Wizard's First Rule by Terry Goodkind
Published August 15, 1994 by Tor Books

These endpapers have a map on them, which is relatively typical for high fantasy novels. What I like about this one is that the map is laid out upon a pile of leaves on stone, which I think is a really nice touch.

Lavish Design:
Illuminae by Amie Kaufman and Jay Kristoff
Published October 20, 2015 by Knopf Books for Young Readers

These endpapers come from an ARC of the book, and they’re really interesting in that they lay out the book’s publicity and marketing plan on them. Usually in ARCs, the publicity plans go on the first page or the back cover. The endpapers mimic the crazy formatting of the interior of the book with hand written notes, blacked out words, and a classified stamp. Very cool.

Going back to the video, Holly said something that I think is really interesting: even though it’s more expensive for the publisher to produce decorated endpapers, they are worthwhile because they make books really beautiful objects. This echoes a lot of the sentiments I’ve heard in some of the publishing classes in my grad program. Do you treat a book as a commodity, or as an object of art? Something to think about...

Do you have any favorite endpapers?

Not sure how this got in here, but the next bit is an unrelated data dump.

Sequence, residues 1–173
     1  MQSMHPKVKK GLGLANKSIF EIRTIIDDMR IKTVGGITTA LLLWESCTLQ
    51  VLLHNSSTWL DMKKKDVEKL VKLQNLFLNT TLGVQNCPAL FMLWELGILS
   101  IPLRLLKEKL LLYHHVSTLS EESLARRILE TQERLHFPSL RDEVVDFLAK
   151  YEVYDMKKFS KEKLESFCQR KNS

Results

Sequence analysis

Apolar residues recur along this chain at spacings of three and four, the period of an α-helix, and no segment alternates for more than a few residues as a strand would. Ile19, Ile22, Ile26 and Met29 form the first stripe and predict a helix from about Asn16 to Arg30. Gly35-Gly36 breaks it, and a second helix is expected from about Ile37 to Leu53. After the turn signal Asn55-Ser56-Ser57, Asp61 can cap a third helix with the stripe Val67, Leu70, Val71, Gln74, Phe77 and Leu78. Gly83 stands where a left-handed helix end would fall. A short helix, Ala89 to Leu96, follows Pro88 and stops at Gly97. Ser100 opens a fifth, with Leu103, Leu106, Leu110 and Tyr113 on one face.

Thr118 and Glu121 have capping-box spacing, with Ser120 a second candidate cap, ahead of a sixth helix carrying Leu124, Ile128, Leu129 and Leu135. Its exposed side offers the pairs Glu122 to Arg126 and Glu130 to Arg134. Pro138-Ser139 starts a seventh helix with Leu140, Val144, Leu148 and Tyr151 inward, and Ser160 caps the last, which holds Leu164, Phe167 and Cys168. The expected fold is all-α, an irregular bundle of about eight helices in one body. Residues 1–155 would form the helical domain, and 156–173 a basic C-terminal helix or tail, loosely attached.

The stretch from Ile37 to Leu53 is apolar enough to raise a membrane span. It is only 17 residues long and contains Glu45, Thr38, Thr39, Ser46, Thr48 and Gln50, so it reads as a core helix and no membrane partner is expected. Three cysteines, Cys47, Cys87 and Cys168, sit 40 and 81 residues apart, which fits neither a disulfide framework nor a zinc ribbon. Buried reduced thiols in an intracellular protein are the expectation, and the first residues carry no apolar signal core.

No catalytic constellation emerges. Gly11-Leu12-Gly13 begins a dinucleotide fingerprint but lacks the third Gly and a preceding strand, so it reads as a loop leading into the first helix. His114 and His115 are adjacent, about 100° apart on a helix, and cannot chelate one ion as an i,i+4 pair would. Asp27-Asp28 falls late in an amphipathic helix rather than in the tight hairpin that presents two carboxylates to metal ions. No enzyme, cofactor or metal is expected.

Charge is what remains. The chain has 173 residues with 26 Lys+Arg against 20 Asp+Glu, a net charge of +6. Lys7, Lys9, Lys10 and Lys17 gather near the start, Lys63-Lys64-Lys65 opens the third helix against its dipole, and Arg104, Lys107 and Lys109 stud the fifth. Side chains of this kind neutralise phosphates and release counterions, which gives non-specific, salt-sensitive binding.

I'm a Book Production and Design Geek...

... and I launched a new site to showcase my portfolio! Through my grad school publishing program, I've really honed in on my love for the production and design of books. I've been tinkering around on InDesign on a daily basis, and I thought I'd show you all what I've been up to.

Please check it out and let me know what you think!

Waiting on Wednesday: Audrey Coulthurst's Of Fire and Stars

Waiting On Wednesday is a weekly event, hosted by Breaking the Spine, that spotlights upcoming releases that we're eagerly anticipating.

This week's pre-publication "can't-wait-to-read" selection is: 

Publication Date: November 22, 2016


Betrothed since childhood to the prince of Mynaria, Princess Dennaleia has always known what her future holds. Her marriage will seal the alliance between Mynaria and her homeland, protecting her people from other hostile lands. But Denna has a secret. She possesses an Affinity for fire—a dangerous gift for the future queen of a kingdom where magic is forbidden.

Now, Denna must learn the ways of her new home while trying to hide her growing magic. To make matters worse, she must learn to ride Mynaria’s formidable warhorses before her coronation—and her teacher is the person who intimidates her most, the prickly and unconventional Princess Amaranthine (called Mare), sister of her betrothed.

When a shocking assassination leaves the kingdom reeling, Mare and Denna reluctantly join forces to search for the culprit. As the two work together, each discovers there’s more to the other than she thought. Mare is surprised by Denna’s intelligence and bravery, while Denna is drawn to Mare’s independent streak. Soon their friendship is threatening to blossom into something more.